The Sunday Times reported that Cameron will hand out 48 gongs in his resignation honours, with exactly half predicted for former Downing Street staff.
The nominations have led to the former PM being accused of cronyism, with 20 former or current special advisers handed prizes, including Samantha Cameron's adviser Isabel Spearman, along with two of Cameron's former official drivers.
“They must have gone through the No 10 staff list when they were compiling the nominations,” one Whitehall insider told the Sunday Times.
“I’m surprised Larry [the Downing Street cat] is not in there.”
Also reportedly honoured will be four cabinet members - Philip Hammond, Michael Fallon, David Lidington and Patrick McLoughlin.
All of the MPs campaigned for Remain in the build up to June's EU referendum, and Cameron is similarly expected to honour Will Straw, director of Britain Stronger in Europe (and son of former justice secretary Jack Straw).
Ian Taylor, the chief executive of energy conglomerate Vitol, who donated to both the Remain camp and the Better Together campaign ahead of the Scottish referendum, is also expected to receive a gong.
In total, Cameron's list reportedly includes nine knighthoods, two dames, nine CBEs, 10 OBEs, 16 MBEs, one companion of the order of Bath and one companion of honour, with the last award going to former chancellor George Osborne.
But how does it compare to the awards handed out by his predecessors?
Major – 41 honours
The most recent resignation honours list was put out by John Major.
Excluding the 10 life peerages handed out by Major – Cameron's nominations for the House of Lords are yet to be revealed – the previous Conservative Prime Minister made a total of 41 awards in his final honours.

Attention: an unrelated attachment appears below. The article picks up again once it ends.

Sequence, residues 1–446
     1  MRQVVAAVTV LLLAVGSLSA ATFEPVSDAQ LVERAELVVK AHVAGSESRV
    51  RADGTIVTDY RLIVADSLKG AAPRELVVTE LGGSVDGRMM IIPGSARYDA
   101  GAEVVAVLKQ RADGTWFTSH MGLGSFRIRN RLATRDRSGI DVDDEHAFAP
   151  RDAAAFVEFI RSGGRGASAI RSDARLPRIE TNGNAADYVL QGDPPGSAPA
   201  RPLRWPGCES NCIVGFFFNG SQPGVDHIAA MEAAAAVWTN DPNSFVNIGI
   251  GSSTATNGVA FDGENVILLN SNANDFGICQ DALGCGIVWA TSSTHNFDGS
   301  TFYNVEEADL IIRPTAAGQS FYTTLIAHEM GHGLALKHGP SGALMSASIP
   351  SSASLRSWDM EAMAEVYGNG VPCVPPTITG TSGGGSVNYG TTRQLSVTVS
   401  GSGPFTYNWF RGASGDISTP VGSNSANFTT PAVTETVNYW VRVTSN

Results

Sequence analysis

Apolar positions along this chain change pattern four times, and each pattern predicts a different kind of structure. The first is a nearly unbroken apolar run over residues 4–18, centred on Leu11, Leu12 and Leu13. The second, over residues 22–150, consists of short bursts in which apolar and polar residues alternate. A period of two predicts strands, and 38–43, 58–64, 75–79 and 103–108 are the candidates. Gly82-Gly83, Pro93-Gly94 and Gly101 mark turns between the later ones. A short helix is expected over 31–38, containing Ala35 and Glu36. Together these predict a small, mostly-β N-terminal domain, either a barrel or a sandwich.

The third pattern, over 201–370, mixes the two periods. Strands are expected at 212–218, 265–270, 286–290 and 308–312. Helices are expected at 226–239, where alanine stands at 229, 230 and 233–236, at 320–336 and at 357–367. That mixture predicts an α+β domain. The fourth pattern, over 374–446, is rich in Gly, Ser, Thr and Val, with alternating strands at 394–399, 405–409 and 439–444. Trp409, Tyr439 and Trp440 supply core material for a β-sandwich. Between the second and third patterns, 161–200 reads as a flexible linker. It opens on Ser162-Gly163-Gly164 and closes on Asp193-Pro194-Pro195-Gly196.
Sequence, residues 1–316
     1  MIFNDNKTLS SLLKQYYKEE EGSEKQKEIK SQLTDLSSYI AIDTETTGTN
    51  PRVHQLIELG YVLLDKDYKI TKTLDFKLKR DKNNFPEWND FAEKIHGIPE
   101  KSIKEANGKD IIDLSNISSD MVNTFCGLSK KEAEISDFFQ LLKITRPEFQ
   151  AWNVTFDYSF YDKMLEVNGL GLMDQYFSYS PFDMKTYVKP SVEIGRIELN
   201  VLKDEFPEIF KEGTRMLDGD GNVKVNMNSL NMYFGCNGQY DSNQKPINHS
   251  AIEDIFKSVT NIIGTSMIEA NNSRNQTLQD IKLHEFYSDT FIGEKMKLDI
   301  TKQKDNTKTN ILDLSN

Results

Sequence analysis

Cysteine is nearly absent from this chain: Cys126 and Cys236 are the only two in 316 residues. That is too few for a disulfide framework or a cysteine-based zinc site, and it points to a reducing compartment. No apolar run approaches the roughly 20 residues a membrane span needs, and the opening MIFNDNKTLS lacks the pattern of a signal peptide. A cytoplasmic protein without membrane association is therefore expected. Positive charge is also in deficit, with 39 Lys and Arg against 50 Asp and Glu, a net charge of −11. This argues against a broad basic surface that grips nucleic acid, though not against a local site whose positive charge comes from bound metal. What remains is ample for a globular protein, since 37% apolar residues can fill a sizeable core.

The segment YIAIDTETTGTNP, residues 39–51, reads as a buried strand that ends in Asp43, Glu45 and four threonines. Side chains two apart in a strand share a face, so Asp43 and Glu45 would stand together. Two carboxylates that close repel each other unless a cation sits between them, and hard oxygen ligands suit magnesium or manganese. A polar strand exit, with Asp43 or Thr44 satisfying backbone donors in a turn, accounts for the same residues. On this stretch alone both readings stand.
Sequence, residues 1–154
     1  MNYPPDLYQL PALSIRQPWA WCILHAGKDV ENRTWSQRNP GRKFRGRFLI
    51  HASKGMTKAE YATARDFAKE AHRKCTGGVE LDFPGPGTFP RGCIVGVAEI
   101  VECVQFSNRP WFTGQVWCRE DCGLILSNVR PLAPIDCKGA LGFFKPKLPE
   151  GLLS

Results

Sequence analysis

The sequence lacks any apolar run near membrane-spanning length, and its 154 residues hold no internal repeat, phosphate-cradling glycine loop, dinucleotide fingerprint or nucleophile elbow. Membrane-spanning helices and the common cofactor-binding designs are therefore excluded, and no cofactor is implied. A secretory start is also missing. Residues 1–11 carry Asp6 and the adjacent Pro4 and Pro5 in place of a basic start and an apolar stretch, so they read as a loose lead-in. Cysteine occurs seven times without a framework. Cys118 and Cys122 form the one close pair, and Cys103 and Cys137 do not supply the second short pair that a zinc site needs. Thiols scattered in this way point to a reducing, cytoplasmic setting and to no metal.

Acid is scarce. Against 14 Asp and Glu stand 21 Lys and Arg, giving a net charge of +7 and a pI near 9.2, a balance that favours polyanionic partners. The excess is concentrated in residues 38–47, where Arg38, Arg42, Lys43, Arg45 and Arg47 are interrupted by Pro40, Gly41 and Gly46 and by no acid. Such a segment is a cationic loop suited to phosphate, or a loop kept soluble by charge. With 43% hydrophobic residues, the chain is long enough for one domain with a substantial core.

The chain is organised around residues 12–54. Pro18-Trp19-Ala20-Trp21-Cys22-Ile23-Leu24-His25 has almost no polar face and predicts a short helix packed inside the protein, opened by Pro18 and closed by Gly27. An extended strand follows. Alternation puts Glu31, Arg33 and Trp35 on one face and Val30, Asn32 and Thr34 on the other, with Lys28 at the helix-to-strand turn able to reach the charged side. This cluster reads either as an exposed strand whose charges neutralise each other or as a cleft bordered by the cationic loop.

Selected honours handed out by Major included gongs for his constituency agent and chairman, his press secretary, his parliamentary private secretary, and his personal assistant, as well as an honour for Norma Major's secretary.
Major also handed titles to a number of his former colleagues, including Malcolm Rifkind and Michael Heseltine, who had served as his foreign secretary and deputy prime minister, respectively, as well as former cabinet members and Conservative Party chairs Jeremy Hanley and Brian Mawhinney.
Thatcher – 36 honours
By contrast, the 1990 resignation honours published by Margaret Thatcher were relatively parsimonious.
Excluding peerages, the late Iron Lady's final prizes ran to just 36 names, again including a raft of awards to former Downing Street secretaries, assistants and aides, as well as her personal physician.
But perhaps reflecting the manner in which she left office, Thatcher gave few prizes to her former government colleagues, instead honouring former Conservative party vice chair Joan Seccombe and her former parliamentary private secretary and energy minister Peter Morrison.
Other notable prizes went to her former political secretary John Whittingdale, who until recently served as Cameron's culture secretary, and Downing Street's then-chief press secretary Bernard Ingham.